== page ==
Achieving Healthy Weight for All in Scotland: our manifesto for the next Scottish Parliament

13 January 2021

Today we launch our manifesto for the upcoming parliamentary elections in Scotland. In it, we call on all parties and candidates to recognise the significant challenge Scotland's high prevalence of overweight and obesity poses for public health and health inequalities. In this blog, we reflect on obesity prevalence in Scotland, exploring the causes and contributory factors, and explain why we believe the next Scottish Parliament and Government should take strong and urgent actions to improve the food environment in Scotland.


Obesity rates are not reducing

The majority (66%) of adults in Scotland now have a BMI which falls into the overweight or obesity category, while 1 in 4 of adults in Scotland (29%) have obesity1. Children in Scotland don’t fare much better: almost a third of children aged 2-15 are at risk of overweight or obesity, with 16% at risk of obesity alone1. This high prevalence poses a significant challenge to public health and health inequalities. With obesity shortening life expectancy, and increasing the risk of type 2 diabetes, 13 types of cancer, cardiovascular disease and many other non-communicable diseases2, we must not accept a lack of strong, combined policy actions to prevent and reduce obesity.


The obesity inequalities gap continues to widen

Worryingly, over recent years, Scotland has seen a widening gap in childhood overweight and obesity3. In 2019, this gap reached 12% in prevalence between children from the most and the least deprived areas of society1. This is not acceptable, and shows that we are not getting it right for every child.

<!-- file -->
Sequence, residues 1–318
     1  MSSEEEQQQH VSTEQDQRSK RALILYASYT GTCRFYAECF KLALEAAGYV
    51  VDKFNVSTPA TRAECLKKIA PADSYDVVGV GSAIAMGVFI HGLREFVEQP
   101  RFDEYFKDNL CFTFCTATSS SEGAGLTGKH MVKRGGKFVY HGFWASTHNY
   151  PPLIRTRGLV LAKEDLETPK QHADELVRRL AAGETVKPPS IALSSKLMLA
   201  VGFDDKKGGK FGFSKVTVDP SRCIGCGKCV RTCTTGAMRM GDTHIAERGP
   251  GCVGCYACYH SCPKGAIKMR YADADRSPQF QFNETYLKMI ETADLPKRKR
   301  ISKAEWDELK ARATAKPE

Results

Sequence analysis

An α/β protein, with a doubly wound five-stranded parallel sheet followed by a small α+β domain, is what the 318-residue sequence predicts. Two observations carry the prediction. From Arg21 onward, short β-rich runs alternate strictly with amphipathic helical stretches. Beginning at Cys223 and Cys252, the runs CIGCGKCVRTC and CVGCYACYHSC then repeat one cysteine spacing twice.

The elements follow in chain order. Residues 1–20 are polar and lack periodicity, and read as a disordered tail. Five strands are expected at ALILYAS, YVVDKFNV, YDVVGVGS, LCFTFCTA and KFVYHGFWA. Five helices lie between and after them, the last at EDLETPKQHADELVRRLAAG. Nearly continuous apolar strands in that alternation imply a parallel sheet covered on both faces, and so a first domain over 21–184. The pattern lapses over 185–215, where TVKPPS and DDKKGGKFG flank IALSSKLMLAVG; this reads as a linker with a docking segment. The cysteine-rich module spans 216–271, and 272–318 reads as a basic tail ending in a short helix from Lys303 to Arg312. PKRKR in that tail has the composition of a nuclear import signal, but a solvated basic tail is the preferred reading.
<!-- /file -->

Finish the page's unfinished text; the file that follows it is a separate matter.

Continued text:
Unfortunately, the widening inequalities in obesity prevalence amongst Scotland’s children is also reflected in progress towards the Scottish Government’s target of halving childhood obesity by 2030. Since the commitment was announced, over 18,000 more children have fallen into the ‘at risk of obesity’ category, meaning that it is not currently on track to be achieved4

Read more about widening inequalities in childhood obesity in our blog ‘Protecting Scotland’s Children: is tackling childhood obesity more vital than ever?


COVID-19 has highlighted the urgency of taking action

With the coronavirus pandemic hitting the world with force in 2020, children in Scotland have seen a massive upheaval to their everyday lives. Schools have closed, school meals have changed, and some activities stopped. Adults have also been affected by the halt in activities and gym closures, alongside limited access to services, such as weight management clinics.

We have seen some of our habits change, particularly in relation to our diets and the way we exercise.

It is now also clear that obesity is a risk factor for the severity of COVID-19, leading to poorer outcomes5. The Scottish Government has been clear in its desire to build a ‘wellbeing economy’, recognising population health and wellbeing as incumbent to building back a robust, resilient economy. It is vital that the impact and link between COVID-19 and obesity is recognised, and that real steps are taken to improve the resilience of the population of Scotland.